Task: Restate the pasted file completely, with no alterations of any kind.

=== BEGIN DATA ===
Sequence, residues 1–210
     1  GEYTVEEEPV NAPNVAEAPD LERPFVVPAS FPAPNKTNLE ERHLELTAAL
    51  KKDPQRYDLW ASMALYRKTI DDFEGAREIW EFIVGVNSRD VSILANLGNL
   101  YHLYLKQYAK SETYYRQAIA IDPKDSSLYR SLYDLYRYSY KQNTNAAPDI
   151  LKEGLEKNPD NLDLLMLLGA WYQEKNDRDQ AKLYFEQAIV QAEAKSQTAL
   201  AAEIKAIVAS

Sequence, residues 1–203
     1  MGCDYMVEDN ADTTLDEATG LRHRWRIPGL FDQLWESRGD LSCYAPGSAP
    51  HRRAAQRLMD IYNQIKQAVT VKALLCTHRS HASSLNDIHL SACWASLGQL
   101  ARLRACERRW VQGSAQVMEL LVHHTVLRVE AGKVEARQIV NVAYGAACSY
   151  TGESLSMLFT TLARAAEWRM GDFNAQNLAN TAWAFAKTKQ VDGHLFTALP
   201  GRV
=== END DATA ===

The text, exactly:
Sequence, residues 1–210
     1  GEYTVEEEPV NAPNVAEAPD LERPFVVPAS FPAPNKTNLE ERHLELTAAL
    51  KKDPQRYDLW ASMALYRKTI DDFEGAREIW EFIVGVNSRD VSILANLGNL
   101  YHLYLKQYAK SETYYRQAIA IDPKDSSLYR SLYDLYRYSY KQNTNAAPDI
   151  LKEGLEKNPD NLDLLMLLGA WYQEKNDRDQ AKLYFEQAIV QAEAKSQTAL
   201  AAEIKAIVAS

Sequence, residues 1–203
     1  MGCDYMVEDN ADTTLDEATG LRHRWRIPGL FDQLWESRGD LSCYAPGSAP
    51  HRRAAQRLMD IYNQIKQAVT VKALLCTHRS HASSLNDIHL SACWASLGQL
   101  ARLRACERRW VQGSAQVMEL LVHHTVLRVE AGKVEARQIV NVAYGAACSY
   151  TGESLSMLFT TLARAAEWRM GDFNAQNLAN TAWAFAKTKQ VDGHLFTALP
   201  GRV